A rural property in northern Tasmania where two young sisters died in a shed fire was littered with dangerous, unauthorised electrical work.
The cause of the blaze in June 2017 was deemed most likely to be electrical by the coroner, although conclusive evidence couldn’t be found.
Shanzel and Ruby Brewer, aged 11 and 13, were found dead after a converted granny-flat where they were sleeping went up in flames during the night.
In findings published on Wednesday, coroner Simon Cooper said the tragedy may have been avoided if smoke alarms were fitted in their bedrooms.
“The deaths of Ruby and Shanzel were an indescribable, but avoidable tragedy,” he said.
A fire investigation found there had likely been an electrical fault in the shed which ignited the wooden floor.
Mr Cooper found electrical work had been carried out by an improperly-qualified electrician. The shed was supplied with power, in part, by two extension cords which ran from the main house across a driveway.
“It s quite clear that the electrical work at the property was dangerous,” Mr Cooper said.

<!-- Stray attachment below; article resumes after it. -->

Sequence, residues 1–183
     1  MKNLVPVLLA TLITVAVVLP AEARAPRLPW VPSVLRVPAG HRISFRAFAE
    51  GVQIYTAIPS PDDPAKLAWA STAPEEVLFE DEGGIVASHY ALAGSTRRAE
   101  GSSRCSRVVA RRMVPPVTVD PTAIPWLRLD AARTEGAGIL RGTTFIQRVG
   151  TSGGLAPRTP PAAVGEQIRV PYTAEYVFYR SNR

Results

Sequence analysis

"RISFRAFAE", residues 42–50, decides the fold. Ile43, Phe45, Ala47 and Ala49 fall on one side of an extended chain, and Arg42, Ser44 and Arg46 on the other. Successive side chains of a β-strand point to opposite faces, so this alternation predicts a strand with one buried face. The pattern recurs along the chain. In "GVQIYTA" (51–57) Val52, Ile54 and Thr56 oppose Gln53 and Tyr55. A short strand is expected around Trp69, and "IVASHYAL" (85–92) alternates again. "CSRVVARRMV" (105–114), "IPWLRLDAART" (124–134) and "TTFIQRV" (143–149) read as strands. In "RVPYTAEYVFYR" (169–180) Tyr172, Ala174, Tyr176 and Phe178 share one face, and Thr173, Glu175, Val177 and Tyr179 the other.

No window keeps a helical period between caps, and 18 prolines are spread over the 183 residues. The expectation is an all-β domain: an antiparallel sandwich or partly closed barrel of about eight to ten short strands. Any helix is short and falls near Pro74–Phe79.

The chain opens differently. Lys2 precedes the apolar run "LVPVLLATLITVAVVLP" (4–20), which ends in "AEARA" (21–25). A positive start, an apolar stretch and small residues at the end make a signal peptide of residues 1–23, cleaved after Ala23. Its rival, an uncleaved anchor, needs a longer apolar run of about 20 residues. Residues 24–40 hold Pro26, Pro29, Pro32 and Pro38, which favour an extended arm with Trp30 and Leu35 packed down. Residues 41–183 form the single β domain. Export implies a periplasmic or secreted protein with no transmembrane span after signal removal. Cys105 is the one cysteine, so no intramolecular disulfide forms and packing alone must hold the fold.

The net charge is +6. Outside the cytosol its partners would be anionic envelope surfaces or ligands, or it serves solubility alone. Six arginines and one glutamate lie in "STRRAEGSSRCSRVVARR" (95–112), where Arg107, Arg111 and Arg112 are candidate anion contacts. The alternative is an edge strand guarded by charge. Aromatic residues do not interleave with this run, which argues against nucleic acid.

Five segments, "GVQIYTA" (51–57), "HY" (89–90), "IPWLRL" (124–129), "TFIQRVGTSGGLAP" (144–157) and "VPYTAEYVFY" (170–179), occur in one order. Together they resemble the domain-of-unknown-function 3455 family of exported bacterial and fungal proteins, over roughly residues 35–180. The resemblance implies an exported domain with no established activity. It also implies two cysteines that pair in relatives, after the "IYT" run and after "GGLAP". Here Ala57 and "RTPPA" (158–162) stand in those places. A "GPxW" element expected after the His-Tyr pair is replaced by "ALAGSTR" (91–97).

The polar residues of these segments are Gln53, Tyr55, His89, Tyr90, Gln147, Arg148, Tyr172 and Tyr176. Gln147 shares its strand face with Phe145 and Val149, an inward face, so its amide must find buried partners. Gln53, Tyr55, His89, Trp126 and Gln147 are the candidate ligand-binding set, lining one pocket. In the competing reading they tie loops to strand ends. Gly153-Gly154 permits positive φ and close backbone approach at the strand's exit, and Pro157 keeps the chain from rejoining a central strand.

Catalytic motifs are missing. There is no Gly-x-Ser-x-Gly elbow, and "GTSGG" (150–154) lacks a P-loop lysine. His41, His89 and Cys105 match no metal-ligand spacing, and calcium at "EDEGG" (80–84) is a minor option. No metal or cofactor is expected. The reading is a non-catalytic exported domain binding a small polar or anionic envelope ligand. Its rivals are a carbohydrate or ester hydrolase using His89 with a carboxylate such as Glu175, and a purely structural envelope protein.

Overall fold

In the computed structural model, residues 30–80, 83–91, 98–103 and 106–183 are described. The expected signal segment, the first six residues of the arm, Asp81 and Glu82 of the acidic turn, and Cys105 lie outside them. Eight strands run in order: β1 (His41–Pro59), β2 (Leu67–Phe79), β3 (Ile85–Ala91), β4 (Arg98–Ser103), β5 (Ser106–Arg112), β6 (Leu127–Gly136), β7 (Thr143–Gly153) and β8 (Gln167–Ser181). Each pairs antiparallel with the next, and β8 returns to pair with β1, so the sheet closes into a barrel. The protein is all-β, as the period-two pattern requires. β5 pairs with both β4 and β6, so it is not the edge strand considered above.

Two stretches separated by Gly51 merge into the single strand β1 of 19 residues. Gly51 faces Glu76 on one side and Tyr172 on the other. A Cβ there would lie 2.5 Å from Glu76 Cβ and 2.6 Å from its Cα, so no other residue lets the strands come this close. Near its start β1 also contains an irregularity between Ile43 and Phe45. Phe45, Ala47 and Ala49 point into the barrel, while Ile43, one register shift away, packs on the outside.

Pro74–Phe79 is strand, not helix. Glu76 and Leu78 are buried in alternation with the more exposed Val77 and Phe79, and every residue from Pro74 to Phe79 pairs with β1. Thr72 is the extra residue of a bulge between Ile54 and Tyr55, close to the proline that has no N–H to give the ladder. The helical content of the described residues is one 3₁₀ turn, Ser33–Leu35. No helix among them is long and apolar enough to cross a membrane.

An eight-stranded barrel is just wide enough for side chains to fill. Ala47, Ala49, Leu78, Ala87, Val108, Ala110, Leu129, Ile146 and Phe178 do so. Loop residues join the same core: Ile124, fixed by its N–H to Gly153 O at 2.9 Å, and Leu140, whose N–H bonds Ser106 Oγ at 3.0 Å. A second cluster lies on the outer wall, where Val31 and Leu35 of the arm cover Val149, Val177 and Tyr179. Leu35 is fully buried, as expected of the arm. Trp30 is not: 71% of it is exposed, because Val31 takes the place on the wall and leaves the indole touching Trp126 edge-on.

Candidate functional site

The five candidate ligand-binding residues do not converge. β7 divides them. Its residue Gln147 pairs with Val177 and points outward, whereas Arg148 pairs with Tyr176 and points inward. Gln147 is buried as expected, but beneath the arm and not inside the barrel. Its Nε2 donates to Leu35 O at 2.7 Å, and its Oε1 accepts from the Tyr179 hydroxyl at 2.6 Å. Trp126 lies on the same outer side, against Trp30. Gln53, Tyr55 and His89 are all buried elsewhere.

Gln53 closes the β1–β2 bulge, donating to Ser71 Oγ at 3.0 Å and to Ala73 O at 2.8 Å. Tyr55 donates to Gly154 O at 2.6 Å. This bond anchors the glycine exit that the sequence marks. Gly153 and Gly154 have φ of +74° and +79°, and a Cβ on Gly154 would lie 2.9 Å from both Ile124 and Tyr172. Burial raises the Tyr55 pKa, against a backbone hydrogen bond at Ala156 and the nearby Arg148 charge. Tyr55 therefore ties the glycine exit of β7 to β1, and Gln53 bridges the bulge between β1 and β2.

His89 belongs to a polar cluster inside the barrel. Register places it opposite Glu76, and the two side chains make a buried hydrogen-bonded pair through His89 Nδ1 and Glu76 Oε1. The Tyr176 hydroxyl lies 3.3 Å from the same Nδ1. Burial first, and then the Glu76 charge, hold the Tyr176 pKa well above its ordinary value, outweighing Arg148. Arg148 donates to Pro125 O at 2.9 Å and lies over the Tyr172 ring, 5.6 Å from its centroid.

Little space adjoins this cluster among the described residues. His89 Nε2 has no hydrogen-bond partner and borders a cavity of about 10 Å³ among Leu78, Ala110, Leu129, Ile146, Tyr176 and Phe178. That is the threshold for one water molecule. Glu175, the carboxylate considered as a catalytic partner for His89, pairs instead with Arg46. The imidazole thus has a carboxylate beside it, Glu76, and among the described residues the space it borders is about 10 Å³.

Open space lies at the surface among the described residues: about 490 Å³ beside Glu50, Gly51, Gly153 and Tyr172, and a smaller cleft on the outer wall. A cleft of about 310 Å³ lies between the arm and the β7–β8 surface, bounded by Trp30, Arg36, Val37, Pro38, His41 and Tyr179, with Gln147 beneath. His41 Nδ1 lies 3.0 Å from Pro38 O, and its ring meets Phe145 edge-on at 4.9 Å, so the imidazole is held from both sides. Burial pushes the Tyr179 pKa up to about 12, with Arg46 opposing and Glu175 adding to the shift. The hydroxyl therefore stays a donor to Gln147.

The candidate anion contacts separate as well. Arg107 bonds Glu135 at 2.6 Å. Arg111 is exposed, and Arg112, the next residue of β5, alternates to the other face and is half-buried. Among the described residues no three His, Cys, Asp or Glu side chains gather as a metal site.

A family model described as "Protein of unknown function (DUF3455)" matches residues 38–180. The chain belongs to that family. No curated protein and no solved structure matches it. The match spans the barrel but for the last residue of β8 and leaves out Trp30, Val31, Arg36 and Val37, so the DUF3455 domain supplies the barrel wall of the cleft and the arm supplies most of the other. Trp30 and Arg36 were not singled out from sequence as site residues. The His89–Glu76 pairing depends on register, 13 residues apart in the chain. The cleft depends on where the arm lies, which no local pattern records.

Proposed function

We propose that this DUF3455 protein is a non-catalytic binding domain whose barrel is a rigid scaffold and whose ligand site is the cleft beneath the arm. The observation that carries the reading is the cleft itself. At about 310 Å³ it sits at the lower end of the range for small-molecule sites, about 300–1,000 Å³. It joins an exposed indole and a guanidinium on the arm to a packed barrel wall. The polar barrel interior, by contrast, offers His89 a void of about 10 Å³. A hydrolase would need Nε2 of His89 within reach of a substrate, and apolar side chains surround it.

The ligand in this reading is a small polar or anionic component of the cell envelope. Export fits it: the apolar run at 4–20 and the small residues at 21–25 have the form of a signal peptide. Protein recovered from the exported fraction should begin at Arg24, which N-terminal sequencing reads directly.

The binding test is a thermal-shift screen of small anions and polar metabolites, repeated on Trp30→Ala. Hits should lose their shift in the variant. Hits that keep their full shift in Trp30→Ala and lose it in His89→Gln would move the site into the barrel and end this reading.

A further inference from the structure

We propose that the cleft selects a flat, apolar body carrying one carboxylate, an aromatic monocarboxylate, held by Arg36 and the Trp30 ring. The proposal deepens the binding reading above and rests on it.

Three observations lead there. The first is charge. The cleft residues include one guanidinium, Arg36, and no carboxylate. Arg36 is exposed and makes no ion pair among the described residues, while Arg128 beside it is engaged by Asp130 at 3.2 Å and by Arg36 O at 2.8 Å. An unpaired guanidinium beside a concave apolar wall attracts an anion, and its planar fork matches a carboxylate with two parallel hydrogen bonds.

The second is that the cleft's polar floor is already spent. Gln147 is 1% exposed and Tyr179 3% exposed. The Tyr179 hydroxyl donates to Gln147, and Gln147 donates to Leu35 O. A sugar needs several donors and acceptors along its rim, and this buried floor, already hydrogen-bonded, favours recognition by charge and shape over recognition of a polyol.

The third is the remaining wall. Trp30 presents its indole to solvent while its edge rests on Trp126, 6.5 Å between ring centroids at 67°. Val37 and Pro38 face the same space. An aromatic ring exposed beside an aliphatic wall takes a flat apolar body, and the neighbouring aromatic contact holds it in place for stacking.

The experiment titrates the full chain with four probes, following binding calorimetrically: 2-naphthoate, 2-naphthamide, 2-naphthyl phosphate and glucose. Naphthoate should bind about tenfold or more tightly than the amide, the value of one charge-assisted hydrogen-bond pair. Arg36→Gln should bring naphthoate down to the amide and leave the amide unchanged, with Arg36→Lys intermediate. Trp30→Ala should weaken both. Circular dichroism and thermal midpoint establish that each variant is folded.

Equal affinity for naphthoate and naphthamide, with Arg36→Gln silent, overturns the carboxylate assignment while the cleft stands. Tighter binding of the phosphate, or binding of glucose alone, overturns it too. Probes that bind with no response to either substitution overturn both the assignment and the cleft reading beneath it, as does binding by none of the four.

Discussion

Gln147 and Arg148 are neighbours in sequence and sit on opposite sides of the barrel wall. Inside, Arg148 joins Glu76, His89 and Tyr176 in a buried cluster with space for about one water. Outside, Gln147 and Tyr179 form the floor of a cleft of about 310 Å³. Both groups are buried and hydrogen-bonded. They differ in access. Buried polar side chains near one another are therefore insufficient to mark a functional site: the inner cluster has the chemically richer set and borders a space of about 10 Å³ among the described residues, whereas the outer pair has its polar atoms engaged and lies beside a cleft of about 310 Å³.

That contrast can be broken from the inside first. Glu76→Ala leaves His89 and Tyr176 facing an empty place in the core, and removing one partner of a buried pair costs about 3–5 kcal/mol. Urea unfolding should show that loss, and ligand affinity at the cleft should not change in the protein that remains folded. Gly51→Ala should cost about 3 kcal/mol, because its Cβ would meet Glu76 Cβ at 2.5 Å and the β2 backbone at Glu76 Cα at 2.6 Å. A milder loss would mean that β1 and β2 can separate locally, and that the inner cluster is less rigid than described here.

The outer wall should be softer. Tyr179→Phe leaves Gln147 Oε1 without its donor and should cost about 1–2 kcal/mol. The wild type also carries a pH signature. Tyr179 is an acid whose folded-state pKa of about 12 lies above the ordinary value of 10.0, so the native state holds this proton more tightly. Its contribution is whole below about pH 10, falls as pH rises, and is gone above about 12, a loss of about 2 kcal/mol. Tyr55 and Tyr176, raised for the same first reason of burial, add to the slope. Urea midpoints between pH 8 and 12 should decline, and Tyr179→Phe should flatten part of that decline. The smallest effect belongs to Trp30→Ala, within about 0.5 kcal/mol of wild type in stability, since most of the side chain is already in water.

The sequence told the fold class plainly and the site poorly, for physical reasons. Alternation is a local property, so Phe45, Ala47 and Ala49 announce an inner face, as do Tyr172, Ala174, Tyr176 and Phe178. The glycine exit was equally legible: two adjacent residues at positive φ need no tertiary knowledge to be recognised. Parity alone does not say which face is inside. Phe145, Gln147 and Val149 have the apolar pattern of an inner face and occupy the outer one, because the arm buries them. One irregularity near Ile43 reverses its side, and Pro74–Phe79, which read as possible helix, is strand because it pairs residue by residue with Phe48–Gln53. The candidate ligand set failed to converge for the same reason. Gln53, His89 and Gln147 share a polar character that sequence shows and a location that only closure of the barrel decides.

“No one should ever carry out electrical work of any kind unless they are properly qualified and licensed to do so.”
Mr Cooper said the “most likely source” of the fire was electrical although he was unable to determine if the unauthorised electrical work or the extension cord were the cause.
The two girls had dinner in the house and then went to bed, after Ruby watched a movie with her dad.
A man from a neighbouring property called triple zero shortly after 2.30am to report the fire which he thought was in the bush.
It took firefighters an hour to arrive following confusion about the address and the unavailability of the two closest volunteer brigades.
When they got there, the shed had burned to the ground.
Mr Cooper said the fire service response was “poor”, even taking into account the property’s isolated location.
“However, the evidence does not allow me to conclude that any earlier arrival would have altered the outcome,” he said.